Learn the strategic science behind developing a thriving product suite or catalog.
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Companies like Spanx, Roku, and Michelin prove you can create and keep a business going based on just a single, properly-priced product or service that truly solves an issue for customers. More often than not, though, staying successful or scaling your organization means coming up with a product line and offering your customers more than one thing. So assuming you’ve laid the foundation and produced an in-demand, properly priced item that solves an issue for customers, how can you develop a whole suite or catalog?
Take a second look at customer needs
When you do market research for a product or service and develop a customer profile, you might discover that your customers collectively have other, typical needs you aren’t addressing. For instance, a busy parent could need a daily calendar app/organizer just as much as a car seat. Reviewing the big picture of the customer’s life and typical experiences can give you fresh eyes about what buyers would welcome from you.
Start a revolution
Revolutionary products and services are items customers can’t really tell you they have a need or desire for because they don’t even know they need or want it yet. These are things that the customer is surprised by but always appreciates.
A good example might be the iPhone from Apple. No one had produced anything like that device before, so customers didn’t have any experience with something similar and didn’t really have a concept of how it could change their life. But once they saw how it worked, everyone wanted one.
Revolutionary products can get a lot of initial resistance or criticism because they can seem so different from what everyone has done or is used to. But once you’ve convinced people that the product or service actually is viable and they see how much it improves their life, the item takes off really quickly.
Expand what you have
Sometimes the easiest way to create a product line is to look at what you’ve already got and then expand options and features. This could mean changing colors or materials, for example, or you could include an entirely new functionality. Software programs that are available in free/basic, intermediate and professional levels are good examples here.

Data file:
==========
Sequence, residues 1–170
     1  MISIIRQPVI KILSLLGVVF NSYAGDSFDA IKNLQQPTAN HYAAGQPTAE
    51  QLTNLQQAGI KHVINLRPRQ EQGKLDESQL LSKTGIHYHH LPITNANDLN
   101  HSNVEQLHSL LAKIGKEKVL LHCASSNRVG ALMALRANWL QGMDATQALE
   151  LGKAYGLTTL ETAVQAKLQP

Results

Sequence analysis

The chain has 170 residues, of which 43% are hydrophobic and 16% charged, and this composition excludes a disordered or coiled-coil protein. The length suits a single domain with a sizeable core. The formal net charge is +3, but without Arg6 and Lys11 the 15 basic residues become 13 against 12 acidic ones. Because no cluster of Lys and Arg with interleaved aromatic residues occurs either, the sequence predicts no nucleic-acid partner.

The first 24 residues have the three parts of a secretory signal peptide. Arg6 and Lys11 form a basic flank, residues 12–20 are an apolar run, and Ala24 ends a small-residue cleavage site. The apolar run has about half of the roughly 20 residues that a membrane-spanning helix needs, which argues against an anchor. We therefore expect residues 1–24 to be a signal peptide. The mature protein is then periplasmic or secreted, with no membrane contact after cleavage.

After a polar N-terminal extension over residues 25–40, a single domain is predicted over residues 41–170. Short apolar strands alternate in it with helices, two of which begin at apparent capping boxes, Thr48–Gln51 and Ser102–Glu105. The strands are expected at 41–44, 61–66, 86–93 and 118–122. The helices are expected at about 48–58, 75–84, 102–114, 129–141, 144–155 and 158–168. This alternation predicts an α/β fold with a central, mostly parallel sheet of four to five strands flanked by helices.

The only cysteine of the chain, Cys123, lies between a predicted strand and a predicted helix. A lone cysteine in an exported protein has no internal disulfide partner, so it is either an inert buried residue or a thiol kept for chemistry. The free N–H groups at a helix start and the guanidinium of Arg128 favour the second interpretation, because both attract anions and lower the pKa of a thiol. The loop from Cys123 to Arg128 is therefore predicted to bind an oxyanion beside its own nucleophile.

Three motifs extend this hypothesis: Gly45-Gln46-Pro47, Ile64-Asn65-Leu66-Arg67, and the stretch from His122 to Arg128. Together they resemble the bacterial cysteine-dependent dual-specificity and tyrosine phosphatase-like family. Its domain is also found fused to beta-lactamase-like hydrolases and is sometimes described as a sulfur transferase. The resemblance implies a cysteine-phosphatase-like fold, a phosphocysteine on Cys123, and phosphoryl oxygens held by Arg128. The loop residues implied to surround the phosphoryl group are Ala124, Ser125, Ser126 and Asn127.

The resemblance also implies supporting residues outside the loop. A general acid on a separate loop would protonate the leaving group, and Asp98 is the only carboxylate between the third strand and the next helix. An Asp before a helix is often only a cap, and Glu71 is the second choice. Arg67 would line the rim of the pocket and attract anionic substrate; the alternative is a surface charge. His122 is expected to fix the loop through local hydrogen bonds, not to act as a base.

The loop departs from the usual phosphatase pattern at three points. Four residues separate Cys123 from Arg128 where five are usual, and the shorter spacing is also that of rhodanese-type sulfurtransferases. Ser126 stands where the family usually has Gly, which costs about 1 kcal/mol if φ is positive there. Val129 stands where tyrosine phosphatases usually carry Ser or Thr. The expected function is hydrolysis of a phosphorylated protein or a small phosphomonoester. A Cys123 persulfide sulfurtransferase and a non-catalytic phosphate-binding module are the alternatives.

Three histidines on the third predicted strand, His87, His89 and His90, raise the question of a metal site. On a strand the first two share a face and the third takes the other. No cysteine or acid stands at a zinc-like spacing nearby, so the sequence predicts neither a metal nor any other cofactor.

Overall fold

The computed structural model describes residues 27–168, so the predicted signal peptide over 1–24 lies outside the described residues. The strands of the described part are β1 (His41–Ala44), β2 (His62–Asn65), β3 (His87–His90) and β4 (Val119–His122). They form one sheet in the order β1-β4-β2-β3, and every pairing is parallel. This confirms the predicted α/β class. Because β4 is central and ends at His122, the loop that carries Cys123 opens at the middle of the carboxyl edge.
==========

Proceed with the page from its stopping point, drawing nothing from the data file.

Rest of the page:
Make it simpler
Customers don’t always want a lot of bells and whistles, especially if they’re trying to save money and those extras they don’t even need are expensive. So whereas some companies do well by making what they’ve created more complex, you also can go in the opposite direction and scale items down. This can mean removing features or just putting them in a more convenient package. Examples here could include:
a model of food processor stripped down to basic settings to appeal more to beginner cooks.
a traditional straight-edge razor compared to an electric, multi-blade razor.
The iPod Mini compared to the iPod classic.
Connect products together
This option is really systems thinking. It means that you develop all the interconnected parts someone needs to achieve their end goal. For example, if you wanted to build a shower, you wouldn’t just need tile. You’d also need a waterproofing membrane, a drain, and other products. Similarly, if you want to use an electric drill regularly, you’d probably need items like a power source/batteries and bits. By being a one-stop-shop for your customer, you can increase value for them and reduce the risk that they might encounter problems by trying to piece parts together from several different manufacturers.
Hit the refresh button
Markets change incredibly fast. To accommodate them really well, you have to be willing to let go of what you had. Sometimes this means updating and improving what’s in your line. But it can also mean getting rid of old products completely to make room for new ones. The technology industry, which has one of the fastest product cycles of any industry, has to do this almost constantly. Your own refresh rate will depend on your unique customers, but once you’ve updated or innovated, make sure that you’re marketing well. After all, people can’t buy improvements or new innovations they don’t know about.
One critical theme that ties all of these product line development strategies together is putting yourself in your customers’ shoes. Regular marketing research work can complement this, and you can learn a lot from connecting with experts. But don’t miss the opportunity to reach out to customers directly. It’s imperative to build trust and ask them about their experience. What did they like? What can you improve? Take what they tell you seriously and apply it. Done well, this will have tremendous, long-lasting benefits for your business, allowing you to create a truly and continuously successful product line.